Explore or Relax on Beautiful Isla Caja de Muertos
Dec. 2017- The Island Ventures boat was destroyed in Hurricane Maria. But now they are using a smaller but faster catamaran for the trip to the island! New cost $40 pp for economy ticket-boat trip and use of snorkel equipment. But $70 pp for the deluxe service that includes trip plus the 12 tickets for food/drinks (water/soda or beer, Hot Dogs and chicken Pinchos). Reservations required.
I had heard that Isla Caja de Muertos (or Coffin Island) was lovely, but I think it has been kept a secret just how fantastic it is! Visiting the island has been on my "to do" list for 6 years, but we never really made the effort to go.
We finally made it out there, and I can kick myself for waiting so long. It is a beautiful island and it is too nice to be missed, especially since it is an easy day trip.
Isla Caja de Muertos is an island located 8 miles off the coast, south of Ponce (which in turn is located on the south coast of Puerto Rico). It is a small island, just about 1½ miles long and about ½ mile wide at its widest point.
It is a nature reserve, with beautiful beaches, hiking trails, a light house and a cave.
In fact, one of the beaches on the island, Pelican Beach, has been designated as a Blue Flag Beach, which means that the ocean water quality is monitored, there are facilities (composting toilets) and paramedics/guards watching the beach.
The island also boasts hiking trails that lead to an old lighthouse, a cave, and a longer trail that goes to the other end of the island. There are some reefs off the north-eastern side of the island, but you need a boat to get to them. There are other beaches on the east side of the island, but they are roped off during turtle-nesting season. Besides, it looks like it may be too rough to swim on the east side due to sea conditions.
Getting There by Ferry/Boat
Being an island, the only way to get there is via boat. Island Ventures operates a boat that runs between Ponce and the island on weekends and holidays. They make 1 trip per day — departing from La Guancha Marina at 8:30am sharp and departing from the island at 3:30pm. The boat trip takes 30 minutes.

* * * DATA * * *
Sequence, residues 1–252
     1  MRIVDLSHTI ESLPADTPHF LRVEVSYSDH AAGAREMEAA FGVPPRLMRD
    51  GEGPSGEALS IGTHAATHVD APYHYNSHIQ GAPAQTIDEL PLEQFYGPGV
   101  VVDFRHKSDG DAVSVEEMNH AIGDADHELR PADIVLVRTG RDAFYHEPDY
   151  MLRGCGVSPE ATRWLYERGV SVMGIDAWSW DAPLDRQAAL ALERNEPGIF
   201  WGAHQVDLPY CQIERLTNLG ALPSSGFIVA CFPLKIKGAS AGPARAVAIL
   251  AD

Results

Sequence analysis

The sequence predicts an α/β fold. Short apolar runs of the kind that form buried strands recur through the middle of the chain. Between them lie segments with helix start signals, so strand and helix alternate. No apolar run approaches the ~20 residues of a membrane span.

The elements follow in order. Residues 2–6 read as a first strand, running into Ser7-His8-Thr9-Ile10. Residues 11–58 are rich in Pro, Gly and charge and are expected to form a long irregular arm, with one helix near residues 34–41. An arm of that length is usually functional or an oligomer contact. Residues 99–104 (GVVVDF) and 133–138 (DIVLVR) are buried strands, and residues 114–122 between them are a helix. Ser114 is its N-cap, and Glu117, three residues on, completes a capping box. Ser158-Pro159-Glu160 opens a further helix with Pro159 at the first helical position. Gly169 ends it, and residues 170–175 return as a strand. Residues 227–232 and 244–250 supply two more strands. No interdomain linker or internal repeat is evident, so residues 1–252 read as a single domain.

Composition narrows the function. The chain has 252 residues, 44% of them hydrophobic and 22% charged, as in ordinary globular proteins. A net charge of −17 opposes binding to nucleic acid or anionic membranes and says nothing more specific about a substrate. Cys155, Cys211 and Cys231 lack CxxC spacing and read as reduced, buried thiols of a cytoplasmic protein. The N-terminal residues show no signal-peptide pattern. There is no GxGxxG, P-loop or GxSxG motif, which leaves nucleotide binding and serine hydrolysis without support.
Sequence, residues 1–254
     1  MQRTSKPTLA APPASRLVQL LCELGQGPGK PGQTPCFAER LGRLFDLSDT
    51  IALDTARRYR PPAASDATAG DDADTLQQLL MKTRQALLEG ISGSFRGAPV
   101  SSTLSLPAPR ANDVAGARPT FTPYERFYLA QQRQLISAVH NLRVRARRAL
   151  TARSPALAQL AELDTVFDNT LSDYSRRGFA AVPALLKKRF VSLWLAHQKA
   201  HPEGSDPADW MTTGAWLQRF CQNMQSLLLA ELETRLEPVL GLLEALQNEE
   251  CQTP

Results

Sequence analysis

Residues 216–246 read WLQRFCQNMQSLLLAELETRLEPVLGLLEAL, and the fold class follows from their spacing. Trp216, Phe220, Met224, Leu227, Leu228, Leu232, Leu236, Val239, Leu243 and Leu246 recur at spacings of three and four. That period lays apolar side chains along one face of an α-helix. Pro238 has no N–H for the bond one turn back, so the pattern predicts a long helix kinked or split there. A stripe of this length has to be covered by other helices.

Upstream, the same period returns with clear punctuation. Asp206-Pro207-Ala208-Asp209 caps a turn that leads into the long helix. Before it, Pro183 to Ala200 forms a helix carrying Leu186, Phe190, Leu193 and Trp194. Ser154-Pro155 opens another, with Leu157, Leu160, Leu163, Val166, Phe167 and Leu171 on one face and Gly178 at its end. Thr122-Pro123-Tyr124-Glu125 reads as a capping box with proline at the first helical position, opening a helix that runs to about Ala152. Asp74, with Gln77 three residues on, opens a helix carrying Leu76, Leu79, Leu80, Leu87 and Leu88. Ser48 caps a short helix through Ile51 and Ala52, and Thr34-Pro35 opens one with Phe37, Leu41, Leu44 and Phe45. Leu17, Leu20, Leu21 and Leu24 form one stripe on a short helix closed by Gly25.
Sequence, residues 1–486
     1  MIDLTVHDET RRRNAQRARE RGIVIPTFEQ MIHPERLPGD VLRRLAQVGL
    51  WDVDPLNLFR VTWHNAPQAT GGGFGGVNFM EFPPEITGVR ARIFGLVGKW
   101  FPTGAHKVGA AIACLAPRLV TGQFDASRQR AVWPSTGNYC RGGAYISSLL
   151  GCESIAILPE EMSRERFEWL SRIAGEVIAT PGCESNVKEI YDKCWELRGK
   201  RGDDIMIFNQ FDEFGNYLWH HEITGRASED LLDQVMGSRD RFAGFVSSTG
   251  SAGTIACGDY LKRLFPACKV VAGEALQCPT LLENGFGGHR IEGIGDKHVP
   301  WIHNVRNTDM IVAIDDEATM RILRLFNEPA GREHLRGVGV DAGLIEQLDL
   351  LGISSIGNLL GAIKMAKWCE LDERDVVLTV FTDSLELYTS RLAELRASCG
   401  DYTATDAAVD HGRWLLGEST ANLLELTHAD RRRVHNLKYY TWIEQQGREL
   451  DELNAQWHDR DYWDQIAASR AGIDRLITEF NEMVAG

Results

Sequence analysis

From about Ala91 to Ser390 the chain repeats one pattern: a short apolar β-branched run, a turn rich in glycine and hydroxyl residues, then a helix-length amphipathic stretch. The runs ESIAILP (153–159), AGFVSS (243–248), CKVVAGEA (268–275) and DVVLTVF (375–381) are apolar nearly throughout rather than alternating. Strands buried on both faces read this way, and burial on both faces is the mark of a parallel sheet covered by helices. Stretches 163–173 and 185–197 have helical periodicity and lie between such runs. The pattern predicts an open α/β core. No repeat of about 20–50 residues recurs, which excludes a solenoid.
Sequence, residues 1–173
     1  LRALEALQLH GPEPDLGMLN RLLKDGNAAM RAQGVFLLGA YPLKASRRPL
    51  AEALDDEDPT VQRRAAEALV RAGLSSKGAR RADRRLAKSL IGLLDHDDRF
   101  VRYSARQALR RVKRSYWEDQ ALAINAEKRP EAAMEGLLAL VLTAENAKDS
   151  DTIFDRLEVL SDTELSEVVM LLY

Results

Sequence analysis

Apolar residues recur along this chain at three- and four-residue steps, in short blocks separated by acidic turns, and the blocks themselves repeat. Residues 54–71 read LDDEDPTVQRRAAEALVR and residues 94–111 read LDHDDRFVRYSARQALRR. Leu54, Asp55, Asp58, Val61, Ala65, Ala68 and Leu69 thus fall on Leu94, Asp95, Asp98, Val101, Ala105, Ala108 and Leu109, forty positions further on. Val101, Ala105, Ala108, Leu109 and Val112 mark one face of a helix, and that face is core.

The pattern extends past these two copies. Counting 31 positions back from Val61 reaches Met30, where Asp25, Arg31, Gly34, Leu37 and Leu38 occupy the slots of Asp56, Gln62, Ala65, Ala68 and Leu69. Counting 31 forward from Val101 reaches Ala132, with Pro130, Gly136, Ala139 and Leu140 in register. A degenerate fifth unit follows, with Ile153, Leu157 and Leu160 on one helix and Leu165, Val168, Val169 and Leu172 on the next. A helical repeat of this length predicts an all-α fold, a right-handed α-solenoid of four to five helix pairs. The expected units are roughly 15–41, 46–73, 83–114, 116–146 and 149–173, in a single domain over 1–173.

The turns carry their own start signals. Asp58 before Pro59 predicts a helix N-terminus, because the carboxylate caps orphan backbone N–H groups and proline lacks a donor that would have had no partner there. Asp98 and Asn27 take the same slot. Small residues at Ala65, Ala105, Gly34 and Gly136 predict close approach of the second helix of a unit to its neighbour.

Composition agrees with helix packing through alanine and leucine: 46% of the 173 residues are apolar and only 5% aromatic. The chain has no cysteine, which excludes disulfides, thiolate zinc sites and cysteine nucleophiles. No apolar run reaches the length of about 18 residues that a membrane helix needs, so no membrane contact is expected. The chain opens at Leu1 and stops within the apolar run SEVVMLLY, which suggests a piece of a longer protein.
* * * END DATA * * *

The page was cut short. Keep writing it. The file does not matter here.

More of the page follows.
The baot holds maybe 50 people, but that would seem crowded to me. The boat has 2 decks, a covered lower deck and an open-air upper deck. They sell drinks and water on the boat and it has restrooms.
There is an extra charge for your "stuff", but you either need to bring everything that you might need to be comfortable for the day — chairs, umbrella (there’s not a lot of shade on the island), hammock, and of course your food & drinks, or rent/buy everything from them. New-info: 1/16/18- I see they no longer allow you to bring beach chairs or coolers on the boat. They have chairs, umbrellas, kayaks and SUP’s for rent now also. And food/drinks to purchase. You also need to be prepared to "pack out" the trash you make during the day, so bring a big plastic garbage bag, too.
We took the Island Ventures ferry on a windy Sunday in February and, though the seas were pretty high, the ride over was relatively smooth. Once we got close enough to see the color of the water, we knew that it would be a great day.
There were only about 40 people on the island that day, so there was plenty of room everywhere. We claimed a covered picnic pavilion (there are about 12 of them) and then went exploring.
There is a great map of the island, and some informational signs placed throughout the park explaining the island, its history, and some of the flora that you will see.
We checked out Pelican Beach and then went for a walk on the trails. It is a dry island, so it has some trees, bushes, and lots of cactus. If you head out for a walk, bring at least a bottle of water per person — it is a hot walk.
The trail from the picnic pavilions to the lighthouse is just less than 1 mile, with an uphill hike to the lighthouse. The trails are packed dirt with limestone rocks sticking up everywhere, so make sure you wear sturdy shoes.
On the trail up to the lighthouse, you pass a small path, off to the left, that leads to a platform at the top of Almeida Cave. Legend has it the pirate Almeida hid his treasure in this cave. I didn’t see any treasure. ☹